Making an activist event to be held, Weaver to speak


Elizabeth Wood

tions major and president of the Black Student Union as well as a general member of NAACP, and Nyla Douglas (right), a junior majoring in political science and political action chair of the NAACP, wait outside the food court in the Martian Luther King Jr. University Student Union to ask students passing by to join NAACP or attend their event, Making an Activist.

Hannah Shillo, Associate News Editor

Eastern alum and Congressional candidate Erika Weaver will be the keynote speaker at the “Making an Activist” event in the Coleman Auditorium at 6 p.m. Wednesday.

The NAACP is hosting the event as part of African American Heritage Month.

Lubowa Shimonde, NAACP president and junior psychology major, said Weaver will teach those in attendance how to build their own definition of activism and how to be leaders for their own causes.

As an activist, attorney, influencer and speaker, Shimonde said she was excited to host Weaver as the keynote speaker because Weaver is active in the community and will show students that there is life after graduation.

“She’s a lot of things that encompass what we’re looking for,” Shimonde said. “I really feel like her goals and her direction really aligns with the common people. She’s achieving goals that I would’ve thought were unattainable.”

Another reason Shimonde said she was excited to host Weaver because she is showing the world that African American women can run for Congress.

“Representation is one of the most important things ever,” she said. “If you don’t see people who look like you, who are from where you’re from, who act like you (or) who encompass who you are … it’s hard to envision yourself in spaces where there’s nobody that’s like you.

Shimonde encouraged students to attend the event because not only is it an opportunity to learn about activism, but also an opportunity for those who are interested in politics to network.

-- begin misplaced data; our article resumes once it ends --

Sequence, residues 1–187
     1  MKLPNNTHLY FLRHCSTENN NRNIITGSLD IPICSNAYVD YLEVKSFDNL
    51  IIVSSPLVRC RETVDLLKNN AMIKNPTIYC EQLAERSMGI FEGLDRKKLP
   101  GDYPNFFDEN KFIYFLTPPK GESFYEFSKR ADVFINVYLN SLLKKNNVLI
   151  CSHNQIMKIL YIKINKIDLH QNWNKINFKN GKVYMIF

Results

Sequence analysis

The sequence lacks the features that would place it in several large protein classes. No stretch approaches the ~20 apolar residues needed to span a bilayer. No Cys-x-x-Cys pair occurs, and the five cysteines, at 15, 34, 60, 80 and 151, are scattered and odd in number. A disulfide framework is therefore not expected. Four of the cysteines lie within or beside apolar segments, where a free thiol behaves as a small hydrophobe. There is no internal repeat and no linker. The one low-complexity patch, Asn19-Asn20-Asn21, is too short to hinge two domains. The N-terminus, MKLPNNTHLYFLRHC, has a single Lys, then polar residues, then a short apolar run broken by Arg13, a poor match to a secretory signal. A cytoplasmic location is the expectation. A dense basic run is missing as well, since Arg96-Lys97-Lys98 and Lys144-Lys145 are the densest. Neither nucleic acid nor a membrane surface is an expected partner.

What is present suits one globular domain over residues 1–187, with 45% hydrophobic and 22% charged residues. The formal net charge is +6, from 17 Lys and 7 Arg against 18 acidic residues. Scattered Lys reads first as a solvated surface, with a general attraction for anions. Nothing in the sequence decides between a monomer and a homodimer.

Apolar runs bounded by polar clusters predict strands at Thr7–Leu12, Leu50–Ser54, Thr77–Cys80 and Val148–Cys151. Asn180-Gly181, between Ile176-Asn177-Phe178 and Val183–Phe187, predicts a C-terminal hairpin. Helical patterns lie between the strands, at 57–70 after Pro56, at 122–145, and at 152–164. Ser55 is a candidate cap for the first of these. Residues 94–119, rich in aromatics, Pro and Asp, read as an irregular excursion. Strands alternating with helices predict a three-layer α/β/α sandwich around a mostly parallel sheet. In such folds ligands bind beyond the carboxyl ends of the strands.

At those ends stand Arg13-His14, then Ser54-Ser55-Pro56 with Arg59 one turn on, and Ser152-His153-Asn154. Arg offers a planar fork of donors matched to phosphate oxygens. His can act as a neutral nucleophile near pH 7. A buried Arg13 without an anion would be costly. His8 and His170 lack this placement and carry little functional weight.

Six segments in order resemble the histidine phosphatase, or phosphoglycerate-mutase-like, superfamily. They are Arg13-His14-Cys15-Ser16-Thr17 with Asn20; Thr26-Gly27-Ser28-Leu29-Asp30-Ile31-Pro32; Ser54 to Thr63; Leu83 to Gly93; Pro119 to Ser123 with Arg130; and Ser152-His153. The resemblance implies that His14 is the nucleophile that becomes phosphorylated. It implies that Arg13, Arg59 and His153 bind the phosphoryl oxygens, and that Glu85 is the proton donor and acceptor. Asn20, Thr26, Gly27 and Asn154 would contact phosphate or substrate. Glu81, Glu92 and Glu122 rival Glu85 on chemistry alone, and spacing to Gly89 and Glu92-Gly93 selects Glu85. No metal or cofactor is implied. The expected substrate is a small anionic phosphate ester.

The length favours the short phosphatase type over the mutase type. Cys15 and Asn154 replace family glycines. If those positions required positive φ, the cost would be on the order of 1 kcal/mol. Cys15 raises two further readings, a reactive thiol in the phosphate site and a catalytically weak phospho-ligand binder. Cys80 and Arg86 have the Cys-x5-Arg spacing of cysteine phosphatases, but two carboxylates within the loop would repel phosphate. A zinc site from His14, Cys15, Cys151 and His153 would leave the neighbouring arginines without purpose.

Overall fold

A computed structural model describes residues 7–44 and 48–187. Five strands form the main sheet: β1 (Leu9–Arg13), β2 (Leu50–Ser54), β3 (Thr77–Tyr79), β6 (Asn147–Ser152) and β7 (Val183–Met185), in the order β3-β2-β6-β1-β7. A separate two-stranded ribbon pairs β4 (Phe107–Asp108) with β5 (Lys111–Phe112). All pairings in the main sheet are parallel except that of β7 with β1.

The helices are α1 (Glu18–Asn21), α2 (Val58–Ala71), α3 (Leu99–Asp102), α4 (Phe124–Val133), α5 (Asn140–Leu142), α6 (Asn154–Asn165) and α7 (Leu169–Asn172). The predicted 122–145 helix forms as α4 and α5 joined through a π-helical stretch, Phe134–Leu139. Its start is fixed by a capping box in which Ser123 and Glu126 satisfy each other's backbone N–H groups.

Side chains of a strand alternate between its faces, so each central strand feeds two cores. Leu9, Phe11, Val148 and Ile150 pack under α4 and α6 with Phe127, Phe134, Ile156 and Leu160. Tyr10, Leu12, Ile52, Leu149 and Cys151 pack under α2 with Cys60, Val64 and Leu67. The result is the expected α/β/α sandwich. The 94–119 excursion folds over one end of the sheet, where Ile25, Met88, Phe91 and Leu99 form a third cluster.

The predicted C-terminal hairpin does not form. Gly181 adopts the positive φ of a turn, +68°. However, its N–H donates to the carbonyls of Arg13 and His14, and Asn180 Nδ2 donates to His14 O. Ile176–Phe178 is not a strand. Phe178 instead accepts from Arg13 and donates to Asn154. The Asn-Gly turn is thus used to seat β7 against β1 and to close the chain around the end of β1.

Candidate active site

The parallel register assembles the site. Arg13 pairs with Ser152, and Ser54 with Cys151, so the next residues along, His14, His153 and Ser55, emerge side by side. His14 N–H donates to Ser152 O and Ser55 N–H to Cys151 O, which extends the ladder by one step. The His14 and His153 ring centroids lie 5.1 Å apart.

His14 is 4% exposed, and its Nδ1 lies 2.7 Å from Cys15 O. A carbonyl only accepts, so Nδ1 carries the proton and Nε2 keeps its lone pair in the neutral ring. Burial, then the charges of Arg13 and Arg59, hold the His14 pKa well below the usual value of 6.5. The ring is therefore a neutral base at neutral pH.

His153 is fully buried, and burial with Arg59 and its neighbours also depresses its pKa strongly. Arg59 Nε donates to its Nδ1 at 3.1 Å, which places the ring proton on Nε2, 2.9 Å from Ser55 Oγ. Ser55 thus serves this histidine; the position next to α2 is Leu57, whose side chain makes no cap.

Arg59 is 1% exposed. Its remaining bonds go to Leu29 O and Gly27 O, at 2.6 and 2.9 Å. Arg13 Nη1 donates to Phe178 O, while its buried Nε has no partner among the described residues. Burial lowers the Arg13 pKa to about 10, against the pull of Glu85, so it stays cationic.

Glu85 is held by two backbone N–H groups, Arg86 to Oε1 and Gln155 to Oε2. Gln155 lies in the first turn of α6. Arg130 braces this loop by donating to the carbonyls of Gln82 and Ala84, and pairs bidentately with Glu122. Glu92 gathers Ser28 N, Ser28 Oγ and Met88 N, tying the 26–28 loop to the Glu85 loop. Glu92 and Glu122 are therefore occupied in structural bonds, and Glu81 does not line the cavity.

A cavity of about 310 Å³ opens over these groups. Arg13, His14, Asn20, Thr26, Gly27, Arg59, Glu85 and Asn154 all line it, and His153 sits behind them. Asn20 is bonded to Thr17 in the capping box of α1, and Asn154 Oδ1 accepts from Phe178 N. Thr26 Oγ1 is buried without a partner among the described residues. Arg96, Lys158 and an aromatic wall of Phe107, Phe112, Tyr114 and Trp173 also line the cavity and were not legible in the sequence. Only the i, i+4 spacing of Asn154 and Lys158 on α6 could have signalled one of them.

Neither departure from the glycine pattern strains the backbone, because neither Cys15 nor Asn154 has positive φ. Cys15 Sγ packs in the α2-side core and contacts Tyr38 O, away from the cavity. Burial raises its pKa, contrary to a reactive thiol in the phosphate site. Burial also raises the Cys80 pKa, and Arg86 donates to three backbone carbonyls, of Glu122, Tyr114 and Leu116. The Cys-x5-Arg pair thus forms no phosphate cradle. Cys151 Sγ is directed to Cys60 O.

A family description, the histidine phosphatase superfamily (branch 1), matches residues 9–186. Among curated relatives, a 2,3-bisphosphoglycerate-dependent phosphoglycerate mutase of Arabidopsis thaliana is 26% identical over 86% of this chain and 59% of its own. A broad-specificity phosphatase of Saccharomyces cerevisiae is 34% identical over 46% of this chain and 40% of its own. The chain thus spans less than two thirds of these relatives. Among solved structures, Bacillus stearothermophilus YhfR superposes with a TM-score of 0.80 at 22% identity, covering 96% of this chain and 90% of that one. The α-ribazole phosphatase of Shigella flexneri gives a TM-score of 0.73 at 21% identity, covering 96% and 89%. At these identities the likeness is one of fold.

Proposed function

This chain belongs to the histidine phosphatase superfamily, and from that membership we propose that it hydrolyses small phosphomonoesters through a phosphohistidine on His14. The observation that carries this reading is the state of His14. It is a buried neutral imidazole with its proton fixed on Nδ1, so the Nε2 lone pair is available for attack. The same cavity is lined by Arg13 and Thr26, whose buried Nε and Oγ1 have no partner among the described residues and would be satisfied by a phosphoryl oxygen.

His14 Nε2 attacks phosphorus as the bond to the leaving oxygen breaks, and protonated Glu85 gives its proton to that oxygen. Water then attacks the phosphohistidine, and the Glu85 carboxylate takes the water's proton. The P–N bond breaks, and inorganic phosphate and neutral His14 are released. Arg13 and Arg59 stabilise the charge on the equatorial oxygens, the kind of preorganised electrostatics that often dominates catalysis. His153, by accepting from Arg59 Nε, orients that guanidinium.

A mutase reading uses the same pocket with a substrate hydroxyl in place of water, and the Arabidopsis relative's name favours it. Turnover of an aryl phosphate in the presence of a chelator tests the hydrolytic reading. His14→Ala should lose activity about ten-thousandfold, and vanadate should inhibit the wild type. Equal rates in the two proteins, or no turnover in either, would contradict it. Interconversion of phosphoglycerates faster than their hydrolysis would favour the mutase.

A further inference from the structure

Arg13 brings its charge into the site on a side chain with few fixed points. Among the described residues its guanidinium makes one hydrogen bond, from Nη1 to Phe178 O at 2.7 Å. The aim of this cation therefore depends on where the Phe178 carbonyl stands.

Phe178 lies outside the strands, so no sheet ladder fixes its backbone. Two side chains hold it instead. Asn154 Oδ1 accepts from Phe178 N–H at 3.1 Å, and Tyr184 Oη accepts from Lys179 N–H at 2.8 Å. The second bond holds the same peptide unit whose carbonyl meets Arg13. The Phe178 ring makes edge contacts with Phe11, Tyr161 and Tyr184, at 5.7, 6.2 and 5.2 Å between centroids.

The word “activist” does not necessarily mean that someone is always protesting publicly about something, Shimonde said.

“I feel like there’s ways to protest that don’t always encompass just being out in the streets and protesting,” she said. “There’s other ways to be an activist like being an advocate for people’s rights.”

Donating money to a cause or lending a helping hand are other ways to be activists, Shimonde said. 

Learning how to be an activist and advocate, Shimonde said, is important because it helps the people who cannot help themselves.

She said she understands that not everyone wants to be an activist, so those who just wish to be an ally are also encouraged to attend to learn about how to help in other ways.

Letting people know they are being supported is the best way an ally can help, she said.

“Everyone’s entitled to their own opinions at the end of the day and I do believe that nobody owes anybody anything,” Shimonde said. “I want to appeal to people’s sense of empathy and I feel like when I know that I have the opportunity to make a difference in someone’s day or even their hour by just simply speaking up, that impact can mean the world to somebody else.”

She also said that just because this event is targeted toward African Americans as part of African American Heritage Month, that does not mean that others from different races and cultures cannot attend and learn something new. 

“I want to see the white political science kids come and ask questions,” Shimonde said. “I want to see the Hispanic community come and ask questions. I want to see every group possible. Just because it’s our month technically doesn’t mean that it’s going to be excluding other people.”

Hannah Shillo can be reached at 581-2812 or [email protected]